convert char to C

To convert a char to an integer in C++, you can use the typecast operator. Here's an example:

char c = 'A';
int i = static_cast<int>(c);

In this example, we have a char variable c with the value 'A'. To convert it to an integer, we use the static_cast<int> operator to cast c to an int. The resulting value is stored in the int variable i.

The static_cast operator is used for explicit type conversions in C++. It tells the compiler to interpret the value of c as an int and perform the conversion accordingly. The resulting int value will have the ASCII value of the character 'A', which is 65.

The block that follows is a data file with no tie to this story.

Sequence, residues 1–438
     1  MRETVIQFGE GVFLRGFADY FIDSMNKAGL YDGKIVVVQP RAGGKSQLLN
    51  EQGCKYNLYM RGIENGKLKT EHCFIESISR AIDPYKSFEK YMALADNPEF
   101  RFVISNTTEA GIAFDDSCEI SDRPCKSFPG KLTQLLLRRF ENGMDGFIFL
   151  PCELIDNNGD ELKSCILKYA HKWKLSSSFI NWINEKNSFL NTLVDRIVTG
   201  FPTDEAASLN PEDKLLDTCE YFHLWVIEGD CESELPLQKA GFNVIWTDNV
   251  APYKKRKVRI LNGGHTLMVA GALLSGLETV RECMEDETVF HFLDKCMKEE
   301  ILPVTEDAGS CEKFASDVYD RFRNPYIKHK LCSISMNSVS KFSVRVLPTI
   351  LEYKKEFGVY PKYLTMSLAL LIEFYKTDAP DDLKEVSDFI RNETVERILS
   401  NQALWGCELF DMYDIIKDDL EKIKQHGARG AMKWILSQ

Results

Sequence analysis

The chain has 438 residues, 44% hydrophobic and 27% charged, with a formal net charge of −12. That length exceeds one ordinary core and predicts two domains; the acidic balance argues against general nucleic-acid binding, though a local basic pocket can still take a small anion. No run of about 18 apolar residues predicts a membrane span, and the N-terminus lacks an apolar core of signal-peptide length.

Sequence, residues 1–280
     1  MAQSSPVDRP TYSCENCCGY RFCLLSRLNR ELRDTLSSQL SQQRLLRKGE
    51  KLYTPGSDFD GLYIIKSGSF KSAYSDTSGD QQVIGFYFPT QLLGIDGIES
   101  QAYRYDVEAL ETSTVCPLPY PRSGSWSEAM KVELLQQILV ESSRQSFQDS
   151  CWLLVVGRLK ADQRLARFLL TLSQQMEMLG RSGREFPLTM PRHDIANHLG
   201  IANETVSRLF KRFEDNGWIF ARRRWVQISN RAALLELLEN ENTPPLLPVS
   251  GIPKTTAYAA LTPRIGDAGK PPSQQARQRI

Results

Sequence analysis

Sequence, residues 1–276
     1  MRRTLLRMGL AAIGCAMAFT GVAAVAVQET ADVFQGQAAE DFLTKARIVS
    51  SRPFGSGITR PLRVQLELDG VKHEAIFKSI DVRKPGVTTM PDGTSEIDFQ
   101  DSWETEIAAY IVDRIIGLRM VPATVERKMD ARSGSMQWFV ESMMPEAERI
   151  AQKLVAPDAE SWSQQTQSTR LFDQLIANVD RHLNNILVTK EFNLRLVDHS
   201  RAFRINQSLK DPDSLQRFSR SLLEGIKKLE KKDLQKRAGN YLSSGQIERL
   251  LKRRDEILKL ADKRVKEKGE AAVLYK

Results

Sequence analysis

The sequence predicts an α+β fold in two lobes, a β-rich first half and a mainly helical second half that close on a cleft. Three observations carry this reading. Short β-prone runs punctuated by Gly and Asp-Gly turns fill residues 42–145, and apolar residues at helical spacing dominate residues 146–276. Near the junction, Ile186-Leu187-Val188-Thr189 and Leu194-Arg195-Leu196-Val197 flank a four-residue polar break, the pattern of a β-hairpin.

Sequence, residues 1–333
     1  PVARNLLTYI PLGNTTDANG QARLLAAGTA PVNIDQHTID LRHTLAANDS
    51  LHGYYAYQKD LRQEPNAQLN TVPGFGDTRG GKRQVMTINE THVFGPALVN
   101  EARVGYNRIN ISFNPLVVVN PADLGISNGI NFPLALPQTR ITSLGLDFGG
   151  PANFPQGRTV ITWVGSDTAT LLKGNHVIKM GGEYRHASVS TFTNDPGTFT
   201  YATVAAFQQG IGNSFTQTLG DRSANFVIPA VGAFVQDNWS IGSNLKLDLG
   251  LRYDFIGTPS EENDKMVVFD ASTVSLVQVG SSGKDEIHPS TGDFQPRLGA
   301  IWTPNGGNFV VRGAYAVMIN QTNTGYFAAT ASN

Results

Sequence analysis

By using the static_cast<int> operator, we ensure that the type conversion is done explicitly and safely. This helps to make the code more readable and maintainable.

Note: It's important to be cautious when converting char values to integers, especially if the char represents a digit character. In C++, the ASCII values for digit characters are not guaranteed to be consecutive. To convert a digit character to its corresponding integer value, you can subtract the ASCII value of '0' from the char value. For example:

char digit = '5';
int value = digit - '0';

In this example, the difference between the ASCII value of '5' and '0' is 5, so the resulting int value will be 5.